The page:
„The Paying Guests” is another marvelous novel by Sarah Waters. It involves a lesbian love affair, but at it’s root it’s a drama and a social satire set in after first World War times, mainly 1922. It is a drama and a social satire, because after the first World War when women found themselves without men, their fathers, brothers or husbands, in trying to keep their houses, their social status, their freedom and their fortune, when new social classes emerge. It’s Frances’s case, her family is bourgeois and her brothers dies in during the war, while her father died of a heart attack and left her and her mother in debt and in the need to find lodgers at Champion’s Hill. This is when she meets Lilian and her husband Leonard, Mrs. And Mr. Barber who will be the future lodgers in her home. She finds her home somehow invaded by gay strangers, everything changes and yet still nothing, while Frances is still a spinster trapped into her mother’s home, taking care of her and of it, as a somehow feminine duty in spite of her love affair with Cristina, who now lives in London with her lesbian lover Stevie. Frances visits her in secret as an escape from her mother and as a remembrance of her passionate times. The Barbers come from the working class, Leonard is an insurance broker and Lilian is a housewife.
„It was a different time, then. A serious time. A passionate time. But an innocent time, it seems to me now. One believed in…transformation. One looked ahead to the end of the war and felt that nothing could ever be the same. Nothing is the same, is it? But in such dissapointing ways. And then, the fact is, I had had-There had been someone- a sort of proposal-”
„The truth is I did have a kind of love affair a few years ago. But it was-it was with a girl. She elt Lilian’s uncertainity in the slowing of her hands. With a touch of laughter, she answered, A girl?
Another woman- said Frances, flatly. I’d like to be able to say it was teribly pure and innocent, and all that. It- well, it wasn’t.”
Frances and Lilian don’t seem to have much in common but they are somehow forced to meet every day because they are both at home, yet Frances, a spinster, somehow is drawned to the her and her husband in many ways, like Lilian is reading Ana Karenina and Frances herself reads it all over again to have a subject to discuss, as well as their both certain need for freedom but in different ways : Frances wanted to love freely Cristina and live in London in the dawn of feminist movements and Lilian wanted to be freed of her husband, from her marriage, although she seems full of fears into living Leonard or getting rid of her unborn child and she for financial freedom, she dreamed to be an artist and support herself – somehow they are both compromised and in love.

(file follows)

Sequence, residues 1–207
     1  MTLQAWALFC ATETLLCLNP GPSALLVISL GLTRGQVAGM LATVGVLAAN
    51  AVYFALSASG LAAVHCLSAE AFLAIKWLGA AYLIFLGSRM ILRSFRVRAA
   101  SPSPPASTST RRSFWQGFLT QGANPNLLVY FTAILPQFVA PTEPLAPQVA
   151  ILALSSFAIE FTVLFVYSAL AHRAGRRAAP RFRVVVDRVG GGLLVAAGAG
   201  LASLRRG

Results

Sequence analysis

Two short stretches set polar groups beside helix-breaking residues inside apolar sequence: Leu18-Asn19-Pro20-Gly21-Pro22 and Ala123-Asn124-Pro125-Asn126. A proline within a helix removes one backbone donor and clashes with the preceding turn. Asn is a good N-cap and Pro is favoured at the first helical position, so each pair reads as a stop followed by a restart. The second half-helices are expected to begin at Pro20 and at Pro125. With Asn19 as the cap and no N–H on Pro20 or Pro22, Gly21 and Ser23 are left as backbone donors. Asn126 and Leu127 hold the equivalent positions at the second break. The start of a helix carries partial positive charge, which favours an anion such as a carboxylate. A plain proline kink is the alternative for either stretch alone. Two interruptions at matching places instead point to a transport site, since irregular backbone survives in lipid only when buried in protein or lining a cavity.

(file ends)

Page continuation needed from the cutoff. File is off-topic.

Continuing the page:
„Reading – Anna Karenina – She hadn’t had an inkling of Lillian’s existence until six weeks ago. Now, she’d catch herself thinking of her at all sorts of odd moment, always slightly surprised when she did so, able to having been called to mind by that one, which in turn had been suggested by that… But they all had their finish at Lilian, wherever they started.”
It starts when the Barbers bring some glamour in Frances’s life : the gramophone and snakes and ladders game played one late night in their apartments, transcended Frances in a possible new social change that she suddenly realizes she doesn’t want, as much as compassionate and attracted to Lilian she feels.
Than comes the party at Lilian’s mother’s and sister’s home, where Lilian wants to go with Frances, while her husband is out at some event.
Lilian has no prohibitions and dances with her cousins and feels free, while Frances found a possible boyfriend, yet she’s attracted to Lilian’s free spirit – her shine!
„I am sure I won’t hate it, Lilian, said Frances. I won’t hate it, she meant, if I’m with you.”
„He’s waiting for you, that chap. What’s his name? Her tone was bright, with a quiver to it. You made a conquest there, haven’t you? He’s taken a real shine to you.
Frances hesitated. Then `It’s your shine`, she said.
Lilian looked at her. What do you mean?
He’s only taken a shine to me, because I’ve taken a shine to you. It’s your shine, Lilian.”